Bliss and the Abyss
2010 has been the year of the underdog: unlikely heroes and darkly ambiguous endings have dominated Hollywood narrative cinema, with a few rule-proving exceptions (predominantly from the animated stable). Several outstanding movies achieved unexpected success, perhaps due to an otherwise mediocre slate of releases. This story you know. Meanwhile, beyond the mainstream:
2010 has been the year of immersive experience. Among many minor masterpieces by titans of cinema, and several stunning debuts, stand out five films, each of which delve into a distinct paradigm of feeling. None bear direct comparison, but each identifies and expresses a mode of appreciating value in a chaotic and cruel world, while at once removing us to another of its own creation.
Fred Wiseman, paragon of vérité, takes us behind the curtains (above the rafters, beneath the cellar) of L’Opéra de Paris. There can be no better way to appreciate dance – his exhaustive approach drags the audience through the full ordeal of creating ballet. By the second hour, we find ourselves inside each performance, so close up that movements resonate as pure emotions.
Tom Ford directs the true story of a lecturer whose lover dies in a tragic accident, and who then plans to end his own life. Teetering over the abyss, Professor Falconer (Colin Firth) finds, in beauty and the possibility of love, a reason to live. Sophisticated aesthetic effects implicate us in the professor’s hypersensitive state, drawing attention to miniature marvels and the nuances of other humans’ feelings.
Tilda Swinton plays prima donna of the Recchi clan: an archaic, asphyxiating Milanese textile dynasty. Her trilingual performance is utterly convincing. Gradually, Emma Recchi’s smothered identity reveals itself in moments of intense pleasure, with her individual senses isolated and expressed on screen. Despite its ultimately crude metaphorical message, the film’s method is utterly exquisite.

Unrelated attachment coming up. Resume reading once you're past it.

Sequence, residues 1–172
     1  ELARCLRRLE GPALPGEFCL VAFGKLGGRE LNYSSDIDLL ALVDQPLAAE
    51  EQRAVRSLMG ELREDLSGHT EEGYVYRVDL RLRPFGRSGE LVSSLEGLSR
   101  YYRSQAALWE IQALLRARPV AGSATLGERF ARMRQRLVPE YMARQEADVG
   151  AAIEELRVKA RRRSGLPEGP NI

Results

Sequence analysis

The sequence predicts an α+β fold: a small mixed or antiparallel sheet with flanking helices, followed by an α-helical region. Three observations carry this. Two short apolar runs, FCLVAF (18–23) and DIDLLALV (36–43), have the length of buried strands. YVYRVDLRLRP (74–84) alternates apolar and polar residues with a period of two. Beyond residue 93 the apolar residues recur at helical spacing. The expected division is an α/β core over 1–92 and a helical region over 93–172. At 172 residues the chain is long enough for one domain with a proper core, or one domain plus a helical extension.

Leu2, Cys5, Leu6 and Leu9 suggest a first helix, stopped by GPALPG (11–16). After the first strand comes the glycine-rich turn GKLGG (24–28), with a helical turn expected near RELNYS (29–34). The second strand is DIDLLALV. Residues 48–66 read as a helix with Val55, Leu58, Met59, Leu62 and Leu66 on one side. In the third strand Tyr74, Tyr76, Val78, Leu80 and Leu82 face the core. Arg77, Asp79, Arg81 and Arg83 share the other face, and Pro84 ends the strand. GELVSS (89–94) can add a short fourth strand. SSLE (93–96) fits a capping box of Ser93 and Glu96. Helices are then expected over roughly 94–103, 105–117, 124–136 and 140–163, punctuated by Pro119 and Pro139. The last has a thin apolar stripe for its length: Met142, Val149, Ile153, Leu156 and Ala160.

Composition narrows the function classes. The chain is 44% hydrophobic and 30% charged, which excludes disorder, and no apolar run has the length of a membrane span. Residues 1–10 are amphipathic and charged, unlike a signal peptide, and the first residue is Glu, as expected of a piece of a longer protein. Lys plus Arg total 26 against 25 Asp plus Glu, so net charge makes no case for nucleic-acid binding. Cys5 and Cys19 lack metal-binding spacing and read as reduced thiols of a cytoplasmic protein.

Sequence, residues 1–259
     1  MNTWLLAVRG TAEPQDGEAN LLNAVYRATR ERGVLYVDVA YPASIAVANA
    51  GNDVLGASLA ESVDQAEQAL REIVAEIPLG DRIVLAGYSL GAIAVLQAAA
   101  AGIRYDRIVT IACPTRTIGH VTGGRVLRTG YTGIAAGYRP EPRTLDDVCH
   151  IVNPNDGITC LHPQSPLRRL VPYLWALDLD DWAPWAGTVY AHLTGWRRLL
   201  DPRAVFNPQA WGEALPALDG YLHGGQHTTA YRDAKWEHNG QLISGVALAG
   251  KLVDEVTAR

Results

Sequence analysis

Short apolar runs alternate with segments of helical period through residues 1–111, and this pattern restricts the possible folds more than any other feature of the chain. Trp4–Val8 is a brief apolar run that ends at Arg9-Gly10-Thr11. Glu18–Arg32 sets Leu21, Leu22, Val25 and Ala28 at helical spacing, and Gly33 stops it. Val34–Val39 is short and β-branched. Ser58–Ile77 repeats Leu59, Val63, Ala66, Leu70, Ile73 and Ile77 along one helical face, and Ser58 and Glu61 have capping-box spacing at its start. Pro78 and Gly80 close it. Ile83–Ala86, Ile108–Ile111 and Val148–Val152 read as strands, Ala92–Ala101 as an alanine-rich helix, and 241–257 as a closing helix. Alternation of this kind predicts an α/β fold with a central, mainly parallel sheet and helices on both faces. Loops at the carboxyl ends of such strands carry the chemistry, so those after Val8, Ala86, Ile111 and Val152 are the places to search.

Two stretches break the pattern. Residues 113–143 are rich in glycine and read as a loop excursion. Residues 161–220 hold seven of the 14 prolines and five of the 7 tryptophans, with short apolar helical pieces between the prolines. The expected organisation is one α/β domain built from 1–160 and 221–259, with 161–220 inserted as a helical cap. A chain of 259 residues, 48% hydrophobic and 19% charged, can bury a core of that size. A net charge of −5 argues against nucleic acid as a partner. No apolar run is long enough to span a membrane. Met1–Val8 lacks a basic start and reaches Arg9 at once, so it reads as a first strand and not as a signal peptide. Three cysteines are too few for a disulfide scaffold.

Staring into the heart of darkness, Claire Denis delivers a characteristically cryptic film that expresses her complex view on French involvement in Africa. As in her earlier work, we are lulled into a feverish dream-world: an unnamed landscape of child soldiers, expiring white colonial masters, refugees and an enigmatic popular freedom fighter. As Isabelle Huppert’s Maria Vial clings fervently to her father’s coffee estate, dream transforms into nightmare.
And now for something completely different. Werner Herzog’s perverse vision of Bad Lieutenant shares the delirium of White Material; but here, we share the intoxicated mind of our titular antihero. Out-of-body experiences temper the operatic vulgarity of Nicholas Cage’s Lieutenant. These lucid moments are typically embodied by reptiles (iguanas, alligators): comic mimes and impassive straight-men, personified. Herzog’s natural world precedes mankind’s moral ambivalence.
2010 has given us three films which articulate values in life (art, love and the senses), and two which express its moral ambiguity (one apocalyptic, one comedic): five films grappling with the essential qualities of humanity. And is this not the very definition of a timeless classic?